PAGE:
Re: please explain


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Posted by Ben (76.14.17.32) on 17:19:32 01/03/08

In Reply to: please explain posted by Peter

Cheyenne, always thought you were a pilot ?!? Now find that you are a 'real' techie! Cool!!!!

Here is my view of it and agree with Blaine. I'm still using a modified 180*F stat (3/32" dia hole)

Closed loop is when the computer system can sense the mixture/exhaust and then meter it according to
the algorithms (look up charts) the software has.

Open loop is when it is blind because no feedback (the various sensors & systems are not up to temp,
or spec), so it meters fuel at 14.7 (air to fuel), or at the stoichiometric (STOICH) ratio.

When in closed loop, it can meter accordingly and gets the cleanest smog numbers. In open loop, that
might not be the best ratio and would then be 'dirtier' for smog.

For most GM vehicles, that temperature where the sensors and systems are to spec is at 170*F.

Now to the generalities of things. All OEMs design and product vehicles (except for specialty) for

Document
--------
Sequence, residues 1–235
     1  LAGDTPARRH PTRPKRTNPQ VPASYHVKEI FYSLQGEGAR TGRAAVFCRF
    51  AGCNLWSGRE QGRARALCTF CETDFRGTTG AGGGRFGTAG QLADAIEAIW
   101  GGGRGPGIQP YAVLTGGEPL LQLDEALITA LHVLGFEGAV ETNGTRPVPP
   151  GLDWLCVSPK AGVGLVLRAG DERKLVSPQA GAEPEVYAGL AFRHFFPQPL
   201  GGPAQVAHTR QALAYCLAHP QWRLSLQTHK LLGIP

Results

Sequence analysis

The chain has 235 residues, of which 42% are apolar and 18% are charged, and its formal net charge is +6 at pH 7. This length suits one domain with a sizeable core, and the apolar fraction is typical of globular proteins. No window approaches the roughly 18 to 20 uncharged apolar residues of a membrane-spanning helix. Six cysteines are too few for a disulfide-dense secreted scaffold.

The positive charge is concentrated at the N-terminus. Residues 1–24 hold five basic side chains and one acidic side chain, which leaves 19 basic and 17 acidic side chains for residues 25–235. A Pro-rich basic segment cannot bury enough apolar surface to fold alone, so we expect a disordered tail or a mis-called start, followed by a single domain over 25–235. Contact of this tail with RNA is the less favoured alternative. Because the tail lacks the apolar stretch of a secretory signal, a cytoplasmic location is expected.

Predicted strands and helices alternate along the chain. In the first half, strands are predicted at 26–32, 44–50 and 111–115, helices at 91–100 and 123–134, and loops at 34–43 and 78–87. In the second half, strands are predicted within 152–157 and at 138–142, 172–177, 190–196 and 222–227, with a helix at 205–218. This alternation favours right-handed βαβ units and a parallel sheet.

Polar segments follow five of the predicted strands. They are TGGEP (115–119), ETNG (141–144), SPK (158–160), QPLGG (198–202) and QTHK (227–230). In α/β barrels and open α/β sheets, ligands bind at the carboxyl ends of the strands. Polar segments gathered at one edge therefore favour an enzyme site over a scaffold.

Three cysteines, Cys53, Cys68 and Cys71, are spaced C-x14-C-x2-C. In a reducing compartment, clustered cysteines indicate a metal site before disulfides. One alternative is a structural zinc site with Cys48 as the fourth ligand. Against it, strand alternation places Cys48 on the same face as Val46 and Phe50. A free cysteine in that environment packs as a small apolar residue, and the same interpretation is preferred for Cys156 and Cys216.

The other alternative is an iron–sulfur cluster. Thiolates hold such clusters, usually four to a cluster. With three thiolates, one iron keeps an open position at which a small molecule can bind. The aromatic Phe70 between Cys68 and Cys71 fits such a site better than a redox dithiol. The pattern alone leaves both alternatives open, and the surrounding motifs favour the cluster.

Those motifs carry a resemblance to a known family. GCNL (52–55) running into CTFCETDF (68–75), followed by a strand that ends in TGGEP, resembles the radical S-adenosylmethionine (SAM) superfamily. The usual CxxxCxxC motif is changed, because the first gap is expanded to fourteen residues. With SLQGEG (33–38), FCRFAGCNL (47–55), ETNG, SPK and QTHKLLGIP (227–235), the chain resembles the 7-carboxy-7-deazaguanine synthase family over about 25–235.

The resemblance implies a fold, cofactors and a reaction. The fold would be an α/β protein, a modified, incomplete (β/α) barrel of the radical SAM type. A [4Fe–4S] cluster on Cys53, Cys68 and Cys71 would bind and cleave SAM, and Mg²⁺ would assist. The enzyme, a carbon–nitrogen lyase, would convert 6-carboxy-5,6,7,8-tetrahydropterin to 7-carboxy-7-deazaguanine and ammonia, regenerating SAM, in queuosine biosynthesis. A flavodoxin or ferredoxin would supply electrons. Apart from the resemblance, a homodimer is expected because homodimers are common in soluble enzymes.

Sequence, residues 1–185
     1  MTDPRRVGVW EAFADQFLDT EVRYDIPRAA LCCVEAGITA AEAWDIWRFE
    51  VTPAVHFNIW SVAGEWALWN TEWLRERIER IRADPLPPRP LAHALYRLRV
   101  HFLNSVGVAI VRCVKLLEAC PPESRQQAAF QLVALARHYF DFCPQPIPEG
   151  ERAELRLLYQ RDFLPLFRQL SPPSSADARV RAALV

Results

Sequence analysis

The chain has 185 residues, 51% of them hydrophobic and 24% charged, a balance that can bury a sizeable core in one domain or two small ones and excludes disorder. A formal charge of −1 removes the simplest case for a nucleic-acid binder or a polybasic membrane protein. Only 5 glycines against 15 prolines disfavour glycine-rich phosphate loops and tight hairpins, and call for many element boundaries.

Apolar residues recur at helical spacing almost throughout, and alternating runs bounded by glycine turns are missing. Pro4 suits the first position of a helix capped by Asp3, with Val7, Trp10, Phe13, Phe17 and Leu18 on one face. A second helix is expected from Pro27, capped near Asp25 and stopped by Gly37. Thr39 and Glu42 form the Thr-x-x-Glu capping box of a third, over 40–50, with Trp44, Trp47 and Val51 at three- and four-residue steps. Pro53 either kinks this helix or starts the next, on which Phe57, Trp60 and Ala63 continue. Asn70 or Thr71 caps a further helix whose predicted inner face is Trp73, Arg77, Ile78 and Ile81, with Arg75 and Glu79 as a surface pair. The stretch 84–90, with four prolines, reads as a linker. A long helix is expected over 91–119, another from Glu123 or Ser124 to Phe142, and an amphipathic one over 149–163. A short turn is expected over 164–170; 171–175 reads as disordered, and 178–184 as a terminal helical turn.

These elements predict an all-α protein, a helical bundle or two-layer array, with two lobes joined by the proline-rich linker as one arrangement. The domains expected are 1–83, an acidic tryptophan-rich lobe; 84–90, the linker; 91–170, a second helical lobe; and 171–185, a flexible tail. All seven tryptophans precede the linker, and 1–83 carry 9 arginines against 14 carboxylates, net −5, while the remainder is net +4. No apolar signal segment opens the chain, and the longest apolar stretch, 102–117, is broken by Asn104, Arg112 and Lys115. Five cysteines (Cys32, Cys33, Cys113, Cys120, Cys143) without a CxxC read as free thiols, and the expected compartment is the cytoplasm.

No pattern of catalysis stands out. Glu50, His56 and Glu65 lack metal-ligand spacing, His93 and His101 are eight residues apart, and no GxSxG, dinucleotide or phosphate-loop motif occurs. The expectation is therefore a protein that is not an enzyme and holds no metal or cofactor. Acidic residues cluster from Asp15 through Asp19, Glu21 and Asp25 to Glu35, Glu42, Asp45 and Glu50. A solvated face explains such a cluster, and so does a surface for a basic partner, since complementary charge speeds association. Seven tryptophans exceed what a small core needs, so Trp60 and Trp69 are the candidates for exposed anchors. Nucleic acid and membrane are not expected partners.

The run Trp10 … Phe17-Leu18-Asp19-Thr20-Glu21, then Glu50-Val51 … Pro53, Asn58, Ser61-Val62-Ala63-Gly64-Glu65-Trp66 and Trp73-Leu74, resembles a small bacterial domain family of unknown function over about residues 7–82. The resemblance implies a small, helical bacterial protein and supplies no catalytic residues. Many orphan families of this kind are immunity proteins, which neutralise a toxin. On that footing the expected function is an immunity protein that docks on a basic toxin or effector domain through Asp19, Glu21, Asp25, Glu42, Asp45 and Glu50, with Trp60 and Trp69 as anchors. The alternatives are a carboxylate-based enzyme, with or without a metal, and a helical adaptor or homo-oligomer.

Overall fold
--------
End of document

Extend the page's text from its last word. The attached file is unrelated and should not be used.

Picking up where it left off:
the 'general' public. Meaning the middle of the bell curve. "JUST GOOD ENOUGH" kind of
stuff....but....for smog, they go towards the extreme end of that bell curve. Mainly to squeeze
out as much performance to get the numbers.

Also understand that a vehicles thermal management system is a huge *SYSTEM* and dynamic. Very
dynamic with many, many variables.

Pushing the cooling system towards the max temp gets the best SMOG numbers, but leave little head
room for high ambient and/or severe duty (towing, etc).

By spec'ing a 195*F thermostat, they pushed the thermal envelope close to the upper limit to get
the best SMOG numbers, consistently/reliably/etc.

By putting in a 180*F thermostat, it provides more head room for performance and reliability, but
still meets SMOG, as the computer system is above 170*F.

I like to increase the stat hole (there is one already....a teeny weenie 1/64 dia hole) and by
going to a larger hole, reduces the hysteresis of the system.

As for any mechanic getting excited about a non spec SMOG component (the stat is part of the
listed SMOG component/systems). They are licensed by the state and that is also governed by EPA
(government). Which means they can lose their license, shop business license, certification,
fines and even jail time.

So that is a "don't ask, don't tell" situation with any licensed mechanic. It's against the law
to put in a non-OEM SMOG component/system.

Cheyenne, what do you know about solid state compressors? I bought some IP for Sun Micrsystems
preparing for hotter chips. Refrigeration and wanted something with no moving parts, scaled from
postage stamp to tonnage. My physicists didn't believe it, but after the demo, jumped all over
it, so I convinced the President & CTO to authorize. I purchased it out from under Intel,
who were also bidding on it.






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